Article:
The situation around COVID-19 has been fast evolving. The 4 category alert system was just announced over the weekend and New Zealand has entered a full lock down.
The intent of Alert Level 4 is to prevent COVID-19 spreading within New Zealand. Staying at home will save lives and is key to Alert Level 4.
These are unprecedented times and many have had questions about what this means for their existing shared care arrangements.
Can I still see my child if they live in the same town of city?
If you are living in the same community as your children, the children can move between homes. Contact should be encouraged as long as it does not compromise the health of their families and the wider community.
But your children should not move between homes if:
- the child is unwell. The child should not travel between homes until they are well.
- someone in either home is unwell.
- Anyone involved (the child or people in the home they have been in or will go to) has been overseas in the last 14 days, OR has been in close contact with someone who is currently being tested for Covid-19 OR has been in close contact with someone who has the virus or is being tested.
Are there conditions to moving between homes?
Yes, if children are moving between homes, they should be accompanied by an adult.
How can we move the children between homes?
Parents should use their private vehicles. Public transport can be used, but only where there are no other alternatives.
We all live in the same town but I’m not keen on our current shared care arrangement. Can I change it now?
The government and the courts have made clear that this pandemic should not be seen as an opportunity for parents to unilaterally change established care arrangements without cause or behave in a manner inconsistent with the child’s best interests or the court ordered care arrangements.
Parents need to put aside their conflict at this time and make decisions that are in the best interests of the child and their families and the wider community.
If direct contact can be facilitated safely, without exposing the children or the wider community to risk, parents should stick to their existing care arrangements.
What if we don’t live in the same town?
Parents who share custody, but live in different towns or cities, should not move between homes. The same applies for the school holidays, brought forward for the lockdown period.
This is a very stressful time. For sake of the mental health of the child, and both parents, it’s important that any child that cannot move between homes during the lockdown period are permitted generous use of phones and social media to keep in contact with their other parent.
What if my situation involves more than just myself and my ex-partner? My new partner also has children and we have a blended family.
Where movement between homes is permitted, the key is that children are only exposed to other people in contained bubble.
If you have a blended family where you and your partner’s children are moving between homes then the children are coming into contact with people from a range of sources.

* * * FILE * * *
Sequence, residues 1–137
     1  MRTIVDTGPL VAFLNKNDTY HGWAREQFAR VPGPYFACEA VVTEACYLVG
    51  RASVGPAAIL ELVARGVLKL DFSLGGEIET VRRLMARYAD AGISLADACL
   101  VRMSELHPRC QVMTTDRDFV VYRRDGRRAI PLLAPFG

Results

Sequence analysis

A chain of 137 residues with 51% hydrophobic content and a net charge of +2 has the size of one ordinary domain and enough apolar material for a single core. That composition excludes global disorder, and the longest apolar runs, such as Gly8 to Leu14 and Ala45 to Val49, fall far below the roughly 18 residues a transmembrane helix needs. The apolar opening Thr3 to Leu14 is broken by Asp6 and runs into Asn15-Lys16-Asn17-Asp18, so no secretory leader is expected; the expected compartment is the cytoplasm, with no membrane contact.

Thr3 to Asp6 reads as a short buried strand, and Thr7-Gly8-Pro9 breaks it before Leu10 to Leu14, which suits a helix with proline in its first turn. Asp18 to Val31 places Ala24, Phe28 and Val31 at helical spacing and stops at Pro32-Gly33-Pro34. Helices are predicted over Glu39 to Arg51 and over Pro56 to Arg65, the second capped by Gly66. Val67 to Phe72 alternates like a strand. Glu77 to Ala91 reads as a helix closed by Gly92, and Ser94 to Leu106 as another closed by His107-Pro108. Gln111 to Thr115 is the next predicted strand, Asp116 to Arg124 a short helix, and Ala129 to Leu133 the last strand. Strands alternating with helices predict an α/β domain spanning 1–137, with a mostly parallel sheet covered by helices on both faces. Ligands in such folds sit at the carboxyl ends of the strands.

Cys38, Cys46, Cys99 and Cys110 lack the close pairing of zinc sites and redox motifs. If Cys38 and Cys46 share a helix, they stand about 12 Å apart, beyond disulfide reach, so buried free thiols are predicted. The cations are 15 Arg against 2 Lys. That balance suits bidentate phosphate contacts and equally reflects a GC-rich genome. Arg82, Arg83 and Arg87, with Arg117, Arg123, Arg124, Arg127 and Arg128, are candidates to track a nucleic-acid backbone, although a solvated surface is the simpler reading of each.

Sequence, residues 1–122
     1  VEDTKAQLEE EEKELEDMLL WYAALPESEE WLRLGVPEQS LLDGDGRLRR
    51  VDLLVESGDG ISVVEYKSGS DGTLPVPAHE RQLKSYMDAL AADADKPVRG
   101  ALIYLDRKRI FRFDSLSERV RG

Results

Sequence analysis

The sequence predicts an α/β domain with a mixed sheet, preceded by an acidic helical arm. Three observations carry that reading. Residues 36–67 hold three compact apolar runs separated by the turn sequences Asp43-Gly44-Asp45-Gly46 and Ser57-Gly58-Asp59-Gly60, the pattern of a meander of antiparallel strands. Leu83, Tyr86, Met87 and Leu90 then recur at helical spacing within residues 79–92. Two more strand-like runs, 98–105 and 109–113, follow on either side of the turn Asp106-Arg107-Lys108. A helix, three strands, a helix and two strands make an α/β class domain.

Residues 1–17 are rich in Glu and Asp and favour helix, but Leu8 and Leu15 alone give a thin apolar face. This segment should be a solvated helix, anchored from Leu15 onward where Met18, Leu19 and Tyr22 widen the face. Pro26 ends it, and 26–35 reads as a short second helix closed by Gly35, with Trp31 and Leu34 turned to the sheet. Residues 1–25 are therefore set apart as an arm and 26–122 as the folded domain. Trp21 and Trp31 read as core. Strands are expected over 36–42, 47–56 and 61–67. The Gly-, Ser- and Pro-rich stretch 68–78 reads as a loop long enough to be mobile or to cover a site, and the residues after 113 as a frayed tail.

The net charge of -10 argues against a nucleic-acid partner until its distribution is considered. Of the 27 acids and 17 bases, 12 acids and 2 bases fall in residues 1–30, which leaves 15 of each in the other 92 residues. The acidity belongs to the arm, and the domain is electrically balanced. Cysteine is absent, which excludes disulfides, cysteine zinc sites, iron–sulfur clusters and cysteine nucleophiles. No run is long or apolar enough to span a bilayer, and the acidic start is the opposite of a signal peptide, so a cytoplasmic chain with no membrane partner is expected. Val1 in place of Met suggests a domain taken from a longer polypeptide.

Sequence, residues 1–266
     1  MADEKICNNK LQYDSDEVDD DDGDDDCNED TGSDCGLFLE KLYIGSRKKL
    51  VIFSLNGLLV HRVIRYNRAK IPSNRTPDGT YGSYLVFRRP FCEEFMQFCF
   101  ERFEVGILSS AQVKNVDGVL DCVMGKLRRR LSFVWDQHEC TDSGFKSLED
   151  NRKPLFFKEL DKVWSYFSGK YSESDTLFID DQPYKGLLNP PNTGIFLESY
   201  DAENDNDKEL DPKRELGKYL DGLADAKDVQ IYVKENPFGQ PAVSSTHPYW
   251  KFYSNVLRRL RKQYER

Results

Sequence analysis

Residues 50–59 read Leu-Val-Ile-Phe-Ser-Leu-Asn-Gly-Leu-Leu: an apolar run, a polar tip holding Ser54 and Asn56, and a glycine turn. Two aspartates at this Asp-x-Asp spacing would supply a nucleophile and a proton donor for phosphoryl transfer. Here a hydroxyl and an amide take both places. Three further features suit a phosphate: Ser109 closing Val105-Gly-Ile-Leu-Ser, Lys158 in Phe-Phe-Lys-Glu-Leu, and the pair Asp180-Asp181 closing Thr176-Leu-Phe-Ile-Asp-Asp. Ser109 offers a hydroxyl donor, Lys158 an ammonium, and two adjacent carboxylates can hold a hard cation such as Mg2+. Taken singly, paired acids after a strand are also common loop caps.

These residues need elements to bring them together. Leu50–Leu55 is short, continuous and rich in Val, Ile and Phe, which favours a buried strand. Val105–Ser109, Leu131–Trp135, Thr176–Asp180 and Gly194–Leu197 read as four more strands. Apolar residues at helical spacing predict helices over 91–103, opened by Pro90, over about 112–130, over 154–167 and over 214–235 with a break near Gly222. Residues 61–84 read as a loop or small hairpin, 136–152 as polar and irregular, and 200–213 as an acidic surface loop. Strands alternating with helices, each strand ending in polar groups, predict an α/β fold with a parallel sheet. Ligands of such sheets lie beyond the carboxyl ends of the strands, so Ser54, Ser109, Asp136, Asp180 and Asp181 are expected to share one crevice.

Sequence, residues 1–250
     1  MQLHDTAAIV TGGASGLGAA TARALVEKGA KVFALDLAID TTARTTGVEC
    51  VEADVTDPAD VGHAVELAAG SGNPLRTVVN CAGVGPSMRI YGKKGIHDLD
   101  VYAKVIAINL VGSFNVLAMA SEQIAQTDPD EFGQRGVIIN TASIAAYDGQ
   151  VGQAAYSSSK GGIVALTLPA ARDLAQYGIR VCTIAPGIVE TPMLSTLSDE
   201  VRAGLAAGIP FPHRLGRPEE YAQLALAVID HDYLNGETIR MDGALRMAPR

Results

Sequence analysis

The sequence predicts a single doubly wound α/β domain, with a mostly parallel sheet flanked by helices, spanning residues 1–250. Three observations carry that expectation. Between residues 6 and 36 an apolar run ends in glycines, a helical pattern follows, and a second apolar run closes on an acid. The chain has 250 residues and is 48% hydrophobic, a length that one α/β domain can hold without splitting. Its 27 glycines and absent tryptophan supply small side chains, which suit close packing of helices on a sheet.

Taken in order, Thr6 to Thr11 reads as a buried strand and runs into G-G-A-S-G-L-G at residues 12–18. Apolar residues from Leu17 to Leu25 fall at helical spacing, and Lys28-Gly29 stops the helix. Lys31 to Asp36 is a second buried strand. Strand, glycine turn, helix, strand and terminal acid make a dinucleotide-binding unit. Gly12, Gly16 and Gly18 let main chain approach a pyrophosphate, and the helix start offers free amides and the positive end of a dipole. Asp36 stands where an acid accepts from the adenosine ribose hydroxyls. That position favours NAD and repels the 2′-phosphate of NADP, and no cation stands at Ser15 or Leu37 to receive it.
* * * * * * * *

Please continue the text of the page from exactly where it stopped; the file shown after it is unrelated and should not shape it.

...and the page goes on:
If there are cases where day-to-day care is shared between more than two households inside the same town/city, that is a considered a ‘complex’ care arrangement. The children should stay where they are for the four week period if there are any complex care arrangements.
We have just moved into a State of Emergency for the next 7 days. What does that mean and how does that impact the guidelines that have already been put forward?
In a state of emergency, authorities will have powers that are not normally available to them, such as the possibility of military patrols. This means that there would be no tolerance for people who do not self-isolate.
This announcement is likely to have an impact on the previous guidelines. It could be that there is no movement permitted for the next 7 days and shared care arrangements could resume after 7 days if the parents and children are in the same community. We need clarification from the government as to how a 7 day State of Emergency would impact on shared care arrangements.
The purpose of the increased measures is to restrict to movement and contain a global pandemic. That reality should remain front and centre.
Your children will be feeling uneasy as their schools are closed and regular routines are disrupted. In this time, it is important that parents put aside their conflict and put the safety and wellbeing of their children first.
This means facilitating contact as long as it is safe and does not put the child or the wider community at risk. Where face to face contact cannot be facilitated, parents need to be generous with contact with the other parent via skype/facetime/phone so that the child feels loved and cared for by both parents through this difficult time.
For more Andrew Little’s recent comments, please see below: https://www.stuff.co.nz/national/health/coronavirus/120542301/coronavirus-justice-minister-andrew-little-says-split-families-must-adhere-to-child-custody-arrangements
For Principal Court Judge, Jackie Moran’s statement, please see below: